These are usually called shell drysuits as they simply provide a watertight shell around the body without any form of thermal insulation. If you need to keep warm in these ones, you’ll have to use a few layers of undergarments on your body.
The main types of membrane drysuits are as follows:
Vulcanized rubber drysuits
Vulcanized rubber is made by hardening normal rubber with sulfur at high temperatures. The resulting material is quite tough and inflexible and a drysuit made from it is meant for a few specific purposes. These include contaminated environments as it almost eliminates the risk of getting punctured.
Besides this, drysuits made of vulcanized rubber are easy to repair. The downside to this is that it makes them stiff and thus they restrict movements in the water.
Second in popularity to neoprene drysuits are tri-laminate drysuits made of layers of rubber and nylon. The result is a high quality drysuit that is easy to get in and out of and is both tough and lightweight.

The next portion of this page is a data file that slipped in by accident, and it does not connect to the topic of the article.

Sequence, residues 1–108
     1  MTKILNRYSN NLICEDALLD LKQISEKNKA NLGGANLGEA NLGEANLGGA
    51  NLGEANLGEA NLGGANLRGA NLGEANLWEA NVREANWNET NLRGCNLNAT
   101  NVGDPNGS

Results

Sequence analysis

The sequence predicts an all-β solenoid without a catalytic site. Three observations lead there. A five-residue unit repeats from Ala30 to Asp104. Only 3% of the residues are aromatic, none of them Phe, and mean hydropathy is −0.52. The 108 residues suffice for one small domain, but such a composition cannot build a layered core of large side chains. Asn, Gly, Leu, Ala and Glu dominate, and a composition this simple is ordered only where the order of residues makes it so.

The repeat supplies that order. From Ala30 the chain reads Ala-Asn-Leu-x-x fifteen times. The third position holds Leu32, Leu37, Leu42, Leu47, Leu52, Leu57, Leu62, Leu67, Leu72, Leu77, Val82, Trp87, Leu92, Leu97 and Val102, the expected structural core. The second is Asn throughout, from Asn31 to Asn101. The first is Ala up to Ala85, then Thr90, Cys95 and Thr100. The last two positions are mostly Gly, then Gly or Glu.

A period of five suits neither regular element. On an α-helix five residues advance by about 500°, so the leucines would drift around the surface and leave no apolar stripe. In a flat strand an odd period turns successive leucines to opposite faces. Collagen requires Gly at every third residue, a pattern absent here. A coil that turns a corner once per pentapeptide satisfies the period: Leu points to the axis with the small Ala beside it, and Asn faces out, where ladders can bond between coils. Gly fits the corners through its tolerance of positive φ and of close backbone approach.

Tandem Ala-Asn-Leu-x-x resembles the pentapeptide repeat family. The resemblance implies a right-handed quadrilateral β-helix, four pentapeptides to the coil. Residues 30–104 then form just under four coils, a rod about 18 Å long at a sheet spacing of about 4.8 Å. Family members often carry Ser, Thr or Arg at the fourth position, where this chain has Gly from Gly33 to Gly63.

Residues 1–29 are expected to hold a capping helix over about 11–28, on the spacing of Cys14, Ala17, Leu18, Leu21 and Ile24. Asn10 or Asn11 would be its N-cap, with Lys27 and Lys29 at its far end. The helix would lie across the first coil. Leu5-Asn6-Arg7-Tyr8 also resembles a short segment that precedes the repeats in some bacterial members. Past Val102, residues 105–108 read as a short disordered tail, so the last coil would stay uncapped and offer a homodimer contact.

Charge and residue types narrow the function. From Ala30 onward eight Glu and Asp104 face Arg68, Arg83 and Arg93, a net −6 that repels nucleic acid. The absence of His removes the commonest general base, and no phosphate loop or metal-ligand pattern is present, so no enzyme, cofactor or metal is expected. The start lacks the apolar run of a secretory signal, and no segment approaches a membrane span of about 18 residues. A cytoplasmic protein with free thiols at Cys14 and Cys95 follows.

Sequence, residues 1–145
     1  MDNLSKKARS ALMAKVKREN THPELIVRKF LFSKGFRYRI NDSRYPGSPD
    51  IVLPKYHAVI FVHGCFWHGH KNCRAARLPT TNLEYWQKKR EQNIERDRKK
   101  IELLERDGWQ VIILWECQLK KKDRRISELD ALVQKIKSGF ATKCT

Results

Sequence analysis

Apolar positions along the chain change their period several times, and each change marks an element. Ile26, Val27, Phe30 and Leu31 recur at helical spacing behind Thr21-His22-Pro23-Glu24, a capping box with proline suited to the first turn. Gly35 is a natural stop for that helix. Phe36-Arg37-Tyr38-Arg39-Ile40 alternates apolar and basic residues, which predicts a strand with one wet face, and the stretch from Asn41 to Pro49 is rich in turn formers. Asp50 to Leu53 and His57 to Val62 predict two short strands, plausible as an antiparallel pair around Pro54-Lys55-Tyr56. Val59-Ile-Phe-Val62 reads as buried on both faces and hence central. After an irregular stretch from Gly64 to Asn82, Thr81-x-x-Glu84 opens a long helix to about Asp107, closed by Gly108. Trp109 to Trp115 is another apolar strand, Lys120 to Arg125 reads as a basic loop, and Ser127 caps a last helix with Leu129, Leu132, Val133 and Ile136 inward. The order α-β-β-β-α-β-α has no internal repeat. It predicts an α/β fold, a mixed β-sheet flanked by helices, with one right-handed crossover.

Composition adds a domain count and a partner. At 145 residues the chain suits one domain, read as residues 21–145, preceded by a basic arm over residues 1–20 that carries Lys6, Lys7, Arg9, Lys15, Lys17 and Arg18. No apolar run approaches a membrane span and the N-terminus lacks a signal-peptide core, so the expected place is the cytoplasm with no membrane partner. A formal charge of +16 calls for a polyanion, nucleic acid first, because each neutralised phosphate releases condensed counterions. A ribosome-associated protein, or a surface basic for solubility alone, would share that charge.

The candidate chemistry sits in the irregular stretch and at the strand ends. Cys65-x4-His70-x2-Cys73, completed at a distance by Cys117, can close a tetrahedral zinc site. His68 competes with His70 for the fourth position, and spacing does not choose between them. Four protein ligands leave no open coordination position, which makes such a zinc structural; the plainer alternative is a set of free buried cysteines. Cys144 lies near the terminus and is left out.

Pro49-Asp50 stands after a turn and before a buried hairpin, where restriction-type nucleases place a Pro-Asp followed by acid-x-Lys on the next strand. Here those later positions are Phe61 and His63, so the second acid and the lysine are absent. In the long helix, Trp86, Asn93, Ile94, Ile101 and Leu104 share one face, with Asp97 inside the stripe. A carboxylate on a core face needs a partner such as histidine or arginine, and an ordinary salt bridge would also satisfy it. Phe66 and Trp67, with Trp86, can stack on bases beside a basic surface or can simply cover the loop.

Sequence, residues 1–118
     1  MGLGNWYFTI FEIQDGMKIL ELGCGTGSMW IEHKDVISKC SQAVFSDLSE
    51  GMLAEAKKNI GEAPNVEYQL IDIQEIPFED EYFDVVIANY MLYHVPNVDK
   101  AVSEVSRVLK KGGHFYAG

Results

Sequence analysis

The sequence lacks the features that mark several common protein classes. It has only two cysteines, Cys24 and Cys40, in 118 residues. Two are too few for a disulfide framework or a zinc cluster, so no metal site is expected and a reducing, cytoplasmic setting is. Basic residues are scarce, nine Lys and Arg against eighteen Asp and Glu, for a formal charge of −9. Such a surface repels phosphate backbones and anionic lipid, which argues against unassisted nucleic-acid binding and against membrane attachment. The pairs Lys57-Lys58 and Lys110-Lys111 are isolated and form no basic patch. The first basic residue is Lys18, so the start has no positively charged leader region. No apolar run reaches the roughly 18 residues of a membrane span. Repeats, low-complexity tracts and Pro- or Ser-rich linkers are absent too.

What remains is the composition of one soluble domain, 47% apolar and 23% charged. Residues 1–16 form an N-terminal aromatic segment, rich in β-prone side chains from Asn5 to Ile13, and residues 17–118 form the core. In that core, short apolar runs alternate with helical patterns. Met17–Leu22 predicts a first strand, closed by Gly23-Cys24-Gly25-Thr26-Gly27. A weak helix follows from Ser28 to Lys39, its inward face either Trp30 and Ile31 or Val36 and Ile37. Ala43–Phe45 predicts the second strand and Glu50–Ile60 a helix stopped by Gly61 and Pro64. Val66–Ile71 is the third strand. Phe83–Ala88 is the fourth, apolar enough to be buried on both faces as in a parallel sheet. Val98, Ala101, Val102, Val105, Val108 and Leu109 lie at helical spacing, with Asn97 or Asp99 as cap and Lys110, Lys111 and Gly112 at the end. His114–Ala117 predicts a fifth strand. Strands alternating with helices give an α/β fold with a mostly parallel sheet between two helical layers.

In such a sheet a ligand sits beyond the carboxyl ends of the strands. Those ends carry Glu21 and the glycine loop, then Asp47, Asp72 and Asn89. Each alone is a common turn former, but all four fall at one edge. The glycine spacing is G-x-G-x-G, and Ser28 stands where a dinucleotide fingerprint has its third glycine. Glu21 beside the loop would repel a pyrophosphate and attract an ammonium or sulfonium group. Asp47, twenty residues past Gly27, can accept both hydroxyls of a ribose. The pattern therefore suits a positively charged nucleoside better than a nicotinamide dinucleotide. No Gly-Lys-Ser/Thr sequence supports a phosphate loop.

Tri-laminate drysuits tend to be generally baggier and are thus easier to get in and out of.
Given their design, they pack into a small volume which can be easily carried around without a fuss. They’re much easier to pack and travel with compared to both vulcanized rubber and neoprene drysuits.
From the three types of drysuits, you can choose yours depending on the situation you’ll be diving in as follows:
- If you dive in very cold waters for long periods of time, a neoprene drysuit will be the best fit as it’ll keep you warm and for a long time.
- If you dive in areas with contamination or in areas with sharp objects likely to damage your drysuit, go for vulcanized rubber ones.
- If you travel a lot and dive in slightly warm waters, you’re best suited to a tri-laminate drysuit.
With time, research and experience, you’ll know exactly what type of drysuit best suits your needs.
More on Drysuits
- Drysuit Undergarments – What to Wear Under Drysuit
- Best Gloves for Drysuit + Buy Guide
- Best Drysuits for Diving Cold &Warm Waters: Women, Men & Kids
- Best Sailing Drysuits
- How do You Relieve Yourself in a Drysuit?
- Drysuit Repair, Cleaning, Storage & Care Tips